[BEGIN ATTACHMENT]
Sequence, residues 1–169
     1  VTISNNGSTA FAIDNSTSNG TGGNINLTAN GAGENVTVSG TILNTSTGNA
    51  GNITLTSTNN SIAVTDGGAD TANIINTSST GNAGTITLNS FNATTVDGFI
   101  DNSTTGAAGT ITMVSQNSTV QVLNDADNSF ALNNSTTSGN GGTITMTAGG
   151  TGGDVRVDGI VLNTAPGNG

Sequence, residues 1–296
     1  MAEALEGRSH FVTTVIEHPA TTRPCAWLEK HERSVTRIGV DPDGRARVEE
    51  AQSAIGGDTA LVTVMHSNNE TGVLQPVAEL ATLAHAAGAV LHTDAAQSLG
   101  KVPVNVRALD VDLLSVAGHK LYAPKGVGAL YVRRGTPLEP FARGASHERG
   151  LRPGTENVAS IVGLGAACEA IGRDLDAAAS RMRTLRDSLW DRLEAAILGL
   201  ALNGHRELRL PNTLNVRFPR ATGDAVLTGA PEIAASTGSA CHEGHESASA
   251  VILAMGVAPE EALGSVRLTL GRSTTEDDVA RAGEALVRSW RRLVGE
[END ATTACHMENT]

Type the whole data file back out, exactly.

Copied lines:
Sequence, residues 1–169
     1  VTISNNGSTA FAIDNSTSNG TGGNINLTAN GAGENVTVSG TILNTSTGNA
    51  GNITLTSTNN SIAVTDGGAD TANIINTSST GNAGTITLNS FNATTVDGFI
   101  DNSTTGAAGT ITMVSQNSTV QVLNDADNSF ALNNSTTSGN GGTITMTAGG
   151  TGGDVRVDGI VLNTAPGNG

Sequence, residues 1–296
     1  MAEALEGRSH FVTTVIEHPA TTRPCAWLEK HERSVTRIGV DPDGRARVEE
    51  AQSAIGGDTA LVTVMHSNNE TGVLQPVAEL ATLAHAAGAV LHTDAAQSLG
   101  KVPVNVRALD VDLLSVAGHK LYAPKGVGAL YVRRGTPLEP FARGASHERG
   151  LRPGTENVAS IVGLGAACEA IGRDLDAAAS RMRTLRDSLW DRLEAAILGL
   201  ALNGHRELRL PNTLNVRFPR ATGDAVLTGA PEIAASTGSA CHEGHESASA
   251  VILAMGVAPE EALGSVRLTL GRSTTEDDVA RAGEALVRSW RRLVGE